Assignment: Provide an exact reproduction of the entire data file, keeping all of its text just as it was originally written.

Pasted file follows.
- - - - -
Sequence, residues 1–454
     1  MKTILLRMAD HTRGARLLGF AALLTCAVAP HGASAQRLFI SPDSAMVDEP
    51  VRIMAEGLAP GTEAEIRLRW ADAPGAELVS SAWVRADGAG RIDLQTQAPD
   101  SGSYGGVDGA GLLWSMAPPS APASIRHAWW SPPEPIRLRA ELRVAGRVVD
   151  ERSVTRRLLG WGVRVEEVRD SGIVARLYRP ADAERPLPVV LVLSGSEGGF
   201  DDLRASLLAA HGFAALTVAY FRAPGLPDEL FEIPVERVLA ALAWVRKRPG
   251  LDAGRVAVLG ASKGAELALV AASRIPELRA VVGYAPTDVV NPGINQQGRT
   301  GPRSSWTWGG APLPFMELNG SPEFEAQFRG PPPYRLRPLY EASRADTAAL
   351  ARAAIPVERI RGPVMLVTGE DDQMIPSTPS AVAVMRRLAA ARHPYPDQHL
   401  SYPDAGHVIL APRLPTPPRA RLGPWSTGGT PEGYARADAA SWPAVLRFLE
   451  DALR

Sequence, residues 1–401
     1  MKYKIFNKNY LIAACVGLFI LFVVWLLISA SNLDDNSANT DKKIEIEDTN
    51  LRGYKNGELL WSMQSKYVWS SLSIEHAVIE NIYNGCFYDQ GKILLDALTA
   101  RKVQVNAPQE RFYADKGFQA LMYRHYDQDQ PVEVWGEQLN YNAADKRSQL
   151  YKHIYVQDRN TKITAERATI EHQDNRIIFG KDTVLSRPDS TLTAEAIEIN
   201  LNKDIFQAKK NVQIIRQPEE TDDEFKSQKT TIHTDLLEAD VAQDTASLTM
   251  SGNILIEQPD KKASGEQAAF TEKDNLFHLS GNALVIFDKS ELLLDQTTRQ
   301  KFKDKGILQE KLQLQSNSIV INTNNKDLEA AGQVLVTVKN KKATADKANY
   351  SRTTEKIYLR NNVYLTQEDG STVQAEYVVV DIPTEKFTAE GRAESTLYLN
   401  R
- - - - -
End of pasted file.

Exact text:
Sequence, residues 1–454
     1  MKTILLRMAD HTRGARLLGF AALLTCAVAP HGASAQRLFI SPDSAMVDEP
    51  VRIMAEGLAP GTEAEIRLRW ADAPGAELVS SAWVRADGAG RIDLQTQAPD
   101  SGSYGGVDGA GLLWSMAPPS APASIRHAWW SPPEPIRLRA ELRVAGRVVD
   151  ERSVTRRLLG WGVRVEEVRD SGIVARLYRP ADAERPLPVV LVLSGSEGGF
   201  DDLRASLLAA HGFAALTVAY FRAPGLPDEL FEIPVERVLA ALAWVRKRPG
   251  LDAGRVAVLG ASKGAELALV AASRIPELRA VVGYAPTDVV NPGINQQGRT
   301  GPRSSWTWGG APLPFMELNG SPEFEAQFRG PPPYRLRPLY EASRADTAAL
   351  ARAAIPVERI RGPVMLVTGE DDQMIPSTPS AVAVMRRLAA ARHPYPDQHL
   401  SYPDAGHVIL APRLPTPPRA RLGPWSTGGT PEGYARADAA SWPAVLRFLE
   451  DALR

Sequence, residues 1–401
     1  MKYKIFNKNY LIAACVGLFI LFVVWLLISA SNLDDNSANT DKKIEIEDTN
    51  LRGYKNGELL WSMQSKYVWS SLSIEHAVIE NIYNGCFYDQ GKILLDALTA
   101  RKVQVNAPQE RFYADKGFQA LMYRHYDQDQ PVEVWGEQLN YNAADKRSQL
   151  YKHIYVQDRN TKITAERATI EHQDNRIIFG KDTVLSRPDS TLTAEAIEIN
   201  LNKDIFQAKK NVQIIRQPEE TDDEFKSQKT TIHTDLLEAD VAQDTASLTM
   251  SGNILIEQPD KKASGEQAAF TEKDNLFHLS GNALVIFDKS ELLLDQTTRQ
   301  KFKDKGILQE KLQLQSNSIV INTNNKDLEA AGQVLVTVKN KKATADKANY
   351  SRTTEKIYLR NNVYLTQEDG STVQAEYVVV DIPTEKFTAE GRAESTLYLN
   401  R